California and New York Could Miss Their 2030 Climate Targets. Could Permitting Reform Help?

California and New York, two national leaders in the effort to curb global warming, could both miss key 2030 climate targets, according to state officials. It’s a sign that even the states most aggressively pursuing plans to reduce carbon emissions and ramp up clean energy development are struggling to meet tough deadlines aimed at averting runaway climate change.

The warnings also highlight the larger debate surrounding permitting reform, and whether governments should be doing more to speed up the approval of renewable energy projects to meet ambitious climate targets.

Both California and New York have been praised for having some of the most ambitious policies on the books to reduce carbon emissions and develop renewable energy. Under state law, both New York and California must reduce their emissions 40 percent below 1990 levels by 2030. California officials increased that emissions reduction target—though not legally—to 48 percent last year. New York also mandates that 70 percent of its electricity come from renewable sources by that year, with California requiring 60 percent.

But a new report released Tuesday by New York’s comptroller office warned that the state is off track to meet its 2030 renewable energy target. Specifically, the report said, New York must triple its renewable energy capacity in just seven years to achieve that mandate. California officials issued similar warnings last week, according to reporting from the Sacramento Bee, saying the state could fail to achieve its 2030 target to reduce emissions by 48 percent. The legally-mandated 40 percent target is still within reach, they added.

Both New York and California officials have expressed concerns about achieving their states’ climate goals by the quickly-approaching deadline, pointing to funding gaps, unexpected costs, canceled projects and permitting and interconnection delays that they say are slowing down their efforts. Both have also attempted to speed up the expansion of clean energy by passing new policies and legislation that would streamline the approval of renewable projects, which Democrats say often take far too long due to current environmental review standards.

A transmission line between Arizona and California that aims to deliver electricity produced from renewable sources, for example, was first proposed in 2015 but won’t be fully online until 2025, largely because of lengthy regulatory approvals.

“The only way to achieve California’s world-leading climate goals is to build, build, build—faster,” Gov. Gavin Newsom said in a May press release, announcing a new state proposal to streamline clean energy permitting. “This proposal is the most ambitious effort to cut red tape and streamline regulations in half a century.”

That month, New York also passed a law that attempts to speed up clean energy development, allowing the state’s power authority for the first time to build renewable energy projects.

In fact, speeding up environmental reviews for clean energy projects and the long transmission lines needed to deliver their electricity has become a priority among Democratic leaders in Congress and at the White House. Last Friday, the Federal Energy Regulatory Commission approved a major new rule to accelerate the connection of energy projects to the power grid, which could ease widespread delays stifling new clean energy projects. That same day, the White House Council on Environmental Quality announced its own draft rule to hasten the permitting process under the National Environmental Policy Act, known as NEPA, for efforts such as wildfire management, electric vehicle charging infrastructure and offshore wind.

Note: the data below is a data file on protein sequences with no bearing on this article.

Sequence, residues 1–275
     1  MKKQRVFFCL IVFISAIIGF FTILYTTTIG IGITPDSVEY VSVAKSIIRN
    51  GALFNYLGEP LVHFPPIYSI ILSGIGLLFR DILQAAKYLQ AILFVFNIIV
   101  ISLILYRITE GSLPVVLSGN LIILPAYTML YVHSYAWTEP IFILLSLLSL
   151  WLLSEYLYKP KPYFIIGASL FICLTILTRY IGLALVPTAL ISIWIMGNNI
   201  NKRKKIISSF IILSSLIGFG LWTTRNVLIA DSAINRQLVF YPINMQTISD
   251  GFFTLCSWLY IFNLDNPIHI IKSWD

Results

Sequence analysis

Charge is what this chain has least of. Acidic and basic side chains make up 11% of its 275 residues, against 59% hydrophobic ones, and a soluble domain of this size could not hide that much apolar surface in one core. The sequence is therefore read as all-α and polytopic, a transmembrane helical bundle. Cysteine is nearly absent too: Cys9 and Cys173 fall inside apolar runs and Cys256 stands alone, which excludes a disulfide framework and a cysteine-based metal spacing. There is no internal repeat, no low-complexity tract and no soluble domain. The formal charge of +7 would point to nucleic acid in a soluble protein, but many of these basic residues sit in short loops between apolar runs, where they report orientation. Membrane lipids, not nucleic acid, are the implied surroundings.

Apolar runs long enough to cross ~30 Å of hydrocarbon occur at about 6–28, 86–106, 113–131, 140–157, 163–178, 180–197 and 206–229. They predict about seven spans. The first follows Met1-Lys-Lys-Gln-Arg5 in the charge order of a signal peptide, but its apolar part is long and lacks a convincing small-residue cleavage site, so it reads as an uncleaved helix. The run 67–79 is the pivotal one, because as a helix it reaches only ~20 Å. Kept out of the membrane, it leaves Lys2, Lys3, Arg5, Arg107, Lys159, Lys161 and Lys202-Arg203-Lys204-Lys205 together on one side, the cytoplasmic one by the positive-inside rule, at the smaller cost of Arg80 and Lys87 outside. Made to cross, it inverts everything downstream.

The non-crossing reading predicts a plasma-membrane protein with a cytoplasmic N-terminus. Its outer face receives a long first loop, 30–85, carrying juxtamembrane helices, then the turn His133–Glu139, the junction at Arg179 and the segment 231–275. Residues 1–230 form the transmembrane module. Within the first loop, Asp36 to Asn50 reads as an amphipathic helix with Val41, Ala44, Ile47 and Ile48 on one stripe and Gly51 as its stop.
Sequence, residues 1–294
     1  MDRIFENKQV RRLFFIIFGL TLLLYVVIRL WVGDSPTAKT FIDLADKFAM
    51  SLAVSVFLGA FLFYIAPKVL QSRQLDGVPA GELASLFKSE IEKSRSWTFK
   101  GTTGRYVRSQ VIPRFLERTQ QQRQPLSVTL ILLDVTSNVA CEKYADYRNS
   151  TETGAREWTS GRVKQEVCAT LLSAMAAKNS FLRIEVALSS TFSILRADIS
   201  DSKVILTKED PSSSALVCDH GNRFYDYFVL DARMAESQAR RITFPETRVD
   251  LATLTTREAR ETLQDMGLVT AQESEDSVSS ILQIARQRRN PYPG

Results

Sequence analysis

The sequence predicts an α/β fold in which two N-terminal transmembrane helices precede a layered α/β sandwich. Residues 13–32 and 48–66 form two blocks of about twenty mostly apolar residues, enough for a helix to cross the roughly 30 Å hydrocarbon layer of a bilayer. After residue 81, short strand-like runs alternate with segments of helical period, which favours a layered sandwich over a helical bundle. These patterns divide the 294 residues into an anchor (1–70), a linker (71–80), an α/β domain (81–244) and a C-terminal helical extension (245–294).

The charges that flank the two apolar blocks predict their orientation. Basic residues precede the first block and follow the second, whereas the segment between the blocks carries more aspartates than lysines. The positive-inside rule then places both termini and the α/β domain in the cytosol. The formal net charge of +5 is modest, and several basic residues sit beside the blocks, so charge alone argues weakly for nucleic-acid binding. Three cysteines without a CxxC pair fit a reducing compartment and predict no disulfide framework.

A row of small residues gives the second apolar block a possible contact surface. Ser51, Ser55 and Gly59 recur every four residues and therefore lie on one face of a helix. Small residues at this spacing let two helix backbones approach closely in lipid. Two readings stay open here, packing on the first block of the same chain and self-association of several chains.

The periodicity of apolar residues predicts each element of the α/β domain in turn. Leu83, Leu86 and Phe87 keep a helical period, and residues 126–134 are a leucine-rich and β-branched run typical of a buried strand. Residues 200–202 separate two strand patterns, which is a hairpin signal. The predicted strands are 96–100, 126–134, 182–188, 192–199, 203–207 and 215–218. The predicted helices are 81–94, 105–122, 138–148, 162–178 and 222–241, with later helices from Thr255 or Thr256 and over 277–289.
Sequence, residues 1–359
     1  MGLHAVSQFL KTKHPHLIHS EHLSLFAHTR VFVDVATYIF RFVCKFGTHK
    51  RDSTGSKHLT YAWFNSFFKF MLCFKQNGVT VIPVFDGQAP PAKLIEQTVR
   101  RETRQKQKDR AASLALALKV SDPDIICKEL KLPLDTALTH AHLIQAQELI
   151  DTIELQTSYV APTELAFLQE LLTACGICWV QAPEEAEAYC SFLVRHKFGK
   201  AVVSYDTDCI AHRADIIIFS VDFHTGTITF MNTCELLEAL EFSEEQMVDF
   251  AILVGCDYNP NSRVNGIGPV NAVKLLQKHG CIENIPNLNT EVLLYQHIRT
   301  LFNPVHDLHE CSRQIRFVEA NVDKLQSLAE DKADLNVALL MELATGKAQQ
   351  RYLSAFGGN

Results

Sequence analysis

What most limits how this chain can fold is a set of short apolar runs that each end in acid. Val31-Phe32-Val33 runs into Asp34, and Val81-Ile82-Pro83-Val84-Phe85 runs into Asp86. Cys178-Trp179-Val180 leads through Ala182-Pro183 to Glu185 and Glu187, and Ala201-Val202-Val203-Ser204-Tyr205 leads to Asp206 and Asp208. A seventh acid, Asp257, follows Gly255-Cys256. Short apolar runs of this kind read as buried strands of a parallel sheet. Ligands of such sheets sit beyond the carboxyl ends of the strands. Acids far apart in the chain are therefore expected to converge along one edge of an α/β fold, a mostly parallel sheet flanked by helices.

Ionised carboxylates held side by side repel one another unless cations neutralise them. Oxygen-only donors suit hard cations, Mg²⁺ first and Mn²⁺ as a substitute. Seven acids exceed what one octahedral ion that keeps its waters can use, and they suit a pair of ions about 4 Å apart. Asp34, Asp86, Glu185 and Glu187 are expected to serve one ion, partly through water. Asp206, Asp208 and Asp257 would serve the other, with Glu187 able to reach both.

New York State Comptroller Thomas DiNapoli, in his Tuesday report, specifically pointed to delays in siting permits and interconnection approvals as some of the biggest hurdles to New York achieving its 2030 clean energy target. While New York has made progress in speeding up those processes, he said, more must be done by state agencies and government officials to consistently fund and advance renewable projects.

Environmental justice groups have been especially opposed to permitting reform, saying streamlining any major energy projects—even renewables—could harm vulnerable communities that are more likely to live near where the projects are built, while also making it more difficult for those communities to voice their needs and concerns to regulators.

The Biden administration responded last week by including a provision in its new rules that encourages federal agencies to limit projects’ impacts on climate change and on communities already burdened by pollution. “This rule is a key element of President Biden’s permitting reform agenda that will help us speed the build-out of our clean energy future,” CEQ Chair Brenda Mallory said in a press release, “while reducing pollution and harms in communities that have been left out and left behind for far too long.”

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Today’s Indicator


That’s roughly how many years-worth of current-day annual carbon dioxide emissions would be taken out of the atmosphere if a trillion trees were planted, scientists say. While it’s no replacement for reducing actual emissions, it would help buy society more time to pursue ambitious climate goals.